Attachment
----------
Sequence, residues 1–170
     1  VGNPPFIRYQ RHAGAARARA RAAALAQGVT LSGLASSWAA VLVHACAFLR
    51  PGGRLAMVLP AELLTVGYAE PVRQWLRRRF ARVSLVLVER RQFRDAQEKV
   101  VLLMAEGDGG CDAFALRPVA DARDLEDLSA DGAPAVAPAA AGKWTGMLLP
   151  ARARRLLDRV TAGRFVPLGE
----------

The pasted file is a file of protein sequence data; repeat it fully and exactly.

Sequence, residues 1–170
     1  VGNPPFIRYQ RHAGAARARA RAAALAQGVT LSGLASSWAA VLVHACAFLR
    51  PGGRLAMVLP AELLTVGYAE PVRQWLRRRF ARVSLVLVER RQFRDAQEKV
   101  VLLMAEGDGG CDAFALRPVA DARDLEDLSA DGAPAVAPAA AGKWTGMLLP
   151  ARARRLLDRV TAGRFVPLGE